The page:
Formal Testamentary Will

Will preparation is a crucial estate planning activity, although estate planners need not always serve as executors. If a taxpayer dies without a will, state statutes and a probate judge will dictate who receives the deceased’s assets. The intestate succession statutes, which set forth who will receive property, generally protect immediate family members. State statutes vary on what property passes to whom upon the death of an individual, but spouses and children are typically the priority heirs. Individuals uncomfortable with the heirs specified in their state’s statutes should execute a will to set forth an acceptable plan for the distribution of their assets. Any person at least 18 years old and of sound mind may lawfully execute a will.

There are some key advantages to having a will even if one is content with the heirs listed in the state statutes. For example, a will is the proper vehicle for designating the guardian for minor children. One can also designate a personal representative responsible for inventorying the estate, paying debts, and distributing the excess pursuant to the will.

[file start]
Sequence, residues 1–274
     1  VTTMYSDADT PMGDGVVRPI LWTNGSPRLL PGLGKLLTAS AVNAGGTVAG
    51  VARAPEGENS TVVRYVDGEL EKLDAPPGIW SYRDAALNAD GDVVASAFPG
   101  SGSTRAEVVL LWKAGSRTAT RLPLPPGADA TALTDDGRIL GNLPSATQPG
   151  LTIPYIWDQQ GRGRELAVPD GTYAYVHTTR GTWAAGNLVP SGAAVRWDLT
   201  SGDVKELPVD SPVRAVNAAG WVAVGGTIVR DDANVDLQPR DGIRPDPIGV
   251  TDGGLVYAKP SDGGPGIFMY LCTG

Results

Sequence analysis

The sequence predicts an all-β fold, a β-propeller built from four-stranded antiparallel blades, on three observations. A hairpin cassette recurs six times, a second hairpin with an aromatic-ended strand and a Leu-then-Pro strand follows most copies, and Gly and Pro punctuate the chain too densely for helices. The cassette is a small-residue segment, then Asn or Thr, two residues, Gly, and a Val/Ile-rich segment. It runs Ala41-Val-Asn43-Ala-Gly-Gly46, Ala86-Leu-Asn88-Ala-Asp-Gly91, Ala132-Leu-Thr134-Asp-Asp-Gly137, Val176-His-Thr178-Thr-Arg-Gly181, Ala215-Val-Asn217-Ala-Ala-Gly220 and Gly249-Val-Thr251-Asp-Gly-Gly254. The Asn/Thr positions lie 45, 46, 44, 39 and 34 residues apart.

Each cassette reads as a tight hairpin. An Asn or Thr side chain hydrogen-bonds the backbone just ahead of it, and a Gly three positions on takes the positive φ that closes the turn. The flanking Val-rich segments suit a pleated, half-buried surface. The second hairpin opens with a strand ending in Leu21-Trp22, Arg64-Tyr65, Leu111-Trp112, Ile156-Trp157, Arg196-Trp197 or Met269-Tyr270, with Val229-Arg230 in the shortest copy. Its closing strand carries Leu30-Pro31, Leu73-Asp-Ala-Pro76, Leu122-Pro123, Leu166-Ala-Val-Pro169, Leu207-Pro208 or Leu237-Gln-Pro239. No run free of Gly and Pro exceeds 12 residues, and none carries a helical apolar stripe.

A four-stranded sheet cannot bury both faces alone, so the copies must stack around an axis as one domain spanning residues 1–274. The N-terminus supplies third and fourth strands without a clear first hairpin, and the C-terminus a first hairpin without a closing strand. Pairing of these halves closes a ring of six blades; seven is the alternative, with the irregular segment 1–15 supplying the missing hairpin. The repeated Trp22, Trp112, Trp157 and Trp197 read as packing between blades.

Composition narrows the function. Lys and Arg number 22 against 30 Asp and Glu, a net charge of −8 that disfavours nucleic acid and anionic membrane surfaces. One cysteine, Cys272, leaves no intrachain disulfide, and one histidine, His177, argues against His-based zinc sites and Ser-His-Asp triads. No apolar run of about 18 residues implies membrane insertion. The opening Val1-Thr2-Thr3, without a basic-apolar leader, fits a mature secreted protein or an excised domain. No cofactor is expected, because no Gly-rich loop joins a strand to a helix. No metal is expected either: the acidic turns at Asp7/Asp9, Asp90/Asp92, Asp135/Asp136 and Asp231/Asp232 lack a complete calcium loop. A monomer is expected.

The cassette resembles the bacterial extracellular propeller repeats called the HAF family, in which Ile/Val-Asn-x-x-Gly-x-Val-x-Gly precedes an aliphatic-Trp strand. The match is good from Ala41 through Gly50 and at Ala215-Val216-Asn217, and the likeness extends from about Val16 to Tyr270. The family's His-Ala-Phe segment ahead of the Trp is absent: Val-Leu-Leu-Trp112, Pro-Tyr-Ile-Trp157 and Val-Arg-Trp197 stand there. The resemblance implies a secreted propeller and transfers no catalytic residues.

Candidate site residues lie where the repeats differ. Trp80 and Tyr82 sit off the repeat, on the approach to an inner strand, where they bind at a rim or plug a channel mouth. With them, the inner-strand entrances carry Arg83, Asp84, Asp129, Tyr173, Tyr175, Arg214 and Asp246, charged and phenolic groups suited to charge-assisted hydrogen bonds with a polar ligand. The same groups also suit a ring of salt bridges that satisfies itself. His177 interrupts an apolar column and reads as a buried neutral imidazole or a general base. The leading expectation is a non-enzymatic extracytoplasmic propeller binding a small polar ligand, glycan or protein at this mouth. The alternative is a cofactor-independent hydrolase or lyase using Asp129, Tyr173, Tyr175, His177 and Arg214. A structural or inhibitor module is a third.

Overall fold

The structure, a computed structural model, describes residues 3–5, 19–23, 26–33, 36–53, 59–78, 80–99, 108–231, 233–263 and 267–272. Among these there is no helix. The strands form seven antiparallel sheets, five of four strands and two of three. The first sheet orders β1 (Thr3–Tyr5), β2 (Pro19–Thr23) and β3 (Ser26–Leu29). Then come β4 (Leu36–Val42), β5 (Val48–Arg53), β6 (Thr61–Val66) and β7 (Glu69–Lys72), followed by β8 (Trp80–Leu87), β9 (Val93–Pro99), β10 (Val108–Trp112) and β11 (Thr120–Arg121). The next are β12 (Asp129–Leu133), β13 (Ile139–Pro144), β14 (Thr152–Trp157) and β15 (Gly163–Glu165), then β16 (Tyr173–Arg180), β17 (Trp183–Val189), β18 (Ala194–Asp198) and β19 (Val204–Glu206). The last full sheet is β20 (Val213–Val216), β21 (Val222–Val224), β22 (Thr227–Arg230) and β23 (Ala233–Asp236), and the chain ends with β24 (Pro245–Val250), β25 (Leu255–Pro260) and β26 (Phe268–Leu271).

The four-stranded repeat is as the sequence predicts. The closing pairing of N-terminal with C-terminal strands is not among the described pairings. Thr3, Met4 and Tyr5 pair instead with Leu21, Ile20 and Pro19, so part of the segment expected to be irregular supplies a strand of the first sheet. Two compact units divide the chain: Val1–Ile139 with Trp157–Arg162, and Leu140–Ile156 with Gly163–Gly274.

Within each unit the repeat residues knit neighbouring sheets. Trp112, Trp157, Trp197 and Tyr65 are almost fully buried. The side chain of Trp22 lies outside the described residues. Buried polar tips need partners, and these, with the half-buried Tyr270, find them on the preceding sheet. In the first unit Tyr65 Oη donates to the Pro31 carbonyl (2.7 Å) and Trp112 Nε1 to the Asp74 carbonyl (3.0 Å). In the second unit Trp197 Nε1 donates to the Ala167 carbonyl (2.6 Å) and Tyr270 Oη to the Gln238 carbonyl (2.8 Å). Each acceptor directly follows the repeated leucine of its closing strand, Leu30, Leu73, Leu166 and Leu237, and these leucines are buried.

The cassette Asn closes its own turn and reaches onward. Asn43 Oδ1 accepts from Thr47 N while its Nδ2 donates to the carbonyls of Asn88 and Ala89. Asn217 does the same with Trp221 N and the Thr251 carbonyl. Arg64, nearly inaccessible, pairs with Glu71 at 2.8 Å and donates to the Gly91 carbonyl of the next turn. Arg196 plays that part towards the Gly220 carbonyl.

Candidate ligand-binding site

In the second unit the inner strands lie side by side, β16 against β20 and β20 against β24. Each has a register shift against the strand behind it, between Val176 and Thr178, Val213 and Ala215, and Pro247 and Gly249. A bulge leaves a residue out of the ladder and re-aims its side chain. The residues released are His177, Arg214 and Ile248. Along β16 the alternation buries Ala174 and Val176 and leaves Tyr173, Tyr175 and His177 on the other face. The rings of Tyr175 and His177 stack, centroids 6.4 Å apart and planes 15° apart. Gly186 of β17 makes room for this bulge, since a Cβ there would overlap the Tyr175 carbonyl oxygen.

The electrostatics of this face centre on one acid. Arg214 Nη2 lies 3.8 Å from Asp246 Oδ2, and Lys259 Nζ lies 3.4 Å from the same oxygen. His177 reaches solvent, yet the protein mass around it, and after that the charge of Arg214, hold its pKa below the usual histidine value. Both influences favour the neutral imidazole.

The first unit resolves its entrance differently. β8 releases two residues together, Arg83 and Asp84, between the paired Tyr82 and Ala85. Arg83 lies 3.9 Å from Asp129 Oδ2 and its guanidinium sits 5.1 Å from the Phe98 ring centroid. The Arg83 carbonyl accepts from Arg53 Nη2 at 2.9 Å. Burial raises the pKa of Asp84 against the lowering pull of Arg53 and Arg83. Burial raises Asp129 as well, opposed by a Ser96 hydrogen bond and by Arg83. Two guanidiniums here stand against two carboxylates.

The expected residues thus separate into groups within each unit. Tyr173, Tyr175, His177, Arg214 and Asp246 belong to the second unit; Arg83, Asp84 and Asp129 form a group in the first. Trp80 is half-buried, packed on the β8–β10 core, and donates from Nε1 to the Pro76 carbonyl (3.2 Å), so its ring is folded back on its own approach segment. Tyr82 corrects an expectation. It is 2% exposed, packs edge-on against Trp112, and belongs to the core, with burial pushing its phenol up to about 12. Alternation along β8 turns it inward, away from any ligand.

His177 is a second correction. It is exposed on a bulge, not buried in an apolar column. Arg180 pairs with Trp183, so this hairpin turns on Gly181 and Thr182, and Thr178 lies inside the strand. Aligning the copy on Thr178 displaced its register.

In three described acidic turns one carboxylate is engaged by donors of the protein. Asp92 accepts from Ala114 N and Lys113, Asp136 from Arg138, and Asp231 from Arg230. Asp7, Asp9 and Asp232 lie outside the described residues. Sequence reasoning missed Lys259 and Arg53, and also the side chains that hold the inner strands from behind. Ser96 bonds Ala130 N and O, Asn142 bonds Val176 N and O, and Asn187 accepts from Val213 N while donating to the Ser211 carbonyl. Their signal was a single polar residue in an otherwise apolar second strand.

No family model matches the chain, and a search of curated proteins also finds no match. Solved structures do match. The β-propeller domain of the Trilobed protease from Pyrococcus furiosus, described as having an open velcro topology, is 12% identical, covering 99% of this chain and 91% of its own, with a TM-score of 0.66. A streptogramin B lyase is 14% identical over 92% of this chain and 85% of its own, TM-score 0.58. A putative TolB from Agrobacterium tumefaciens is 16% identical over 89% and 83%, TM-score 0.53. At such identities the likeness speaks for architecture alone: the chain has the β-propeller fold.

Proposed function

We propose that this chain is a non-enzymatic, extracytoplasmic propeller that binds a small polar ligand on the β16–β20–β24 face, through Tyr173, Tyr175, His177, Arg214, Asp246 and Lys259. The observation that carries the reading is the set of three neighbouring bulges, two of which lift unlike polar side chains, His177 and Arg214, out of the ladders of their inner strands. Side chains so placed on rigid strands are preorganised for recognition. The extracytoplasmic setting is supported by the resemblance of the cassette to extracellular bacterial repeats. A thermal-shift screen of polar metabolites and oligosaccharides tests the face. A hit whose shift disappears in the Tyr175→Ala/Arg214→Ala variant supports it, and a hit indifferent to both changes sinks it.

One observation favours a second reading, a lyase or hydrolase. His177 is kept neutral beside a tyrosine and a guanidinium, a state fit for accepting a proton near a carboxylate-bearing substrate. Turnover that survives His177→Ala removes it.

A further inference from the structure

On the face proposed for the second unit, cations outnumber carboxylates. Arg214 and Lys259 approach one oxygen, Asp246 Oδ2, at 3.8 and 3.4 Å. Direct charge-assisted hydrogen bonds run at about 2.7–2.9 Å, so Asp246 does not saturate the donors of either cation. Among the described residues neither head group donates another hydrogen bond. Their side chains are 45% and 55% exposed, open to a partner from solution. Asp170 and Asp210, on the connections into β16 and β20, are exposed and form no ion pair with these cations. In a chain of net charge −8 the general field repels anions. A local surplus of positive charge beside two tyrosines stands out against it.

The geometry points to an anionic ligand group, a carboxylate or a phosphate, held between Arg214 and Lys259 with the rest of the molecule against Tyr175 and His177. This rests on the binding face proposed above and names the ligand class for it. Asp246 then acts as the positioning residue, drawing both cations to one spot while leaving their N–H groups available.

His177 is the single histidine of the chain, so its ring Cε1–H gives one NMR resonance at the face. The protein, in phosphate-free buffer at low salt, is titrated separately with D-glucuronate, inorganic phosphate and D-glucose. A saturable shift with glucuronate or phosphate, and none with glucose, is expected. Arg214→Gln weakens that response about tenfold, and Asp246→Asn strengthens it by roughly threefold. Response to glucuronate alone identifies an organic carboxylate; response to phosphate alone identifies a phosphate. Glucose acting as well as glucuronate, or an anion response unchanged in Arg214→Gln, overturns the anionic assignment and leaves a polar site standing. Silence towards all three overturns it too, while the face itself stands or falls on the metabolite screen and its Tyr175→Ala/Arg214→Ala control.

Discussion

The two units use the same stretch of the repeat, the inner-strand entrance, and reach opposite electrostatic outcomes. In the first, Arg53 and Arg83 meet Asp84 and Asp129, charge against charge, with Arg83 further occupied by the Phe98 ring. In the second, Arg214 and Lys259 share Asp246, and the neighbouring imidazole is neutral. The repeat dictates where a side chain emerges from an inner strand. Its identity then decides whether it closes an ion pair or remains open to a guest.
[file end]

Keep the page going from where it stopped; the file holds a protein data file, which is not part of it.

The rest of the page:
Other key advantages of a will are that it allows for bequests to charities, bequests in unequal proportions, and specific bequests of personal items. State statutes adopt a rigid format for distributing assets, and the assets are always distributed outright. In many cases, testators may not want a mathematically equal distribution of assets among heirs, and may not want certain assets (e.g., the family farm) divided or liquidated.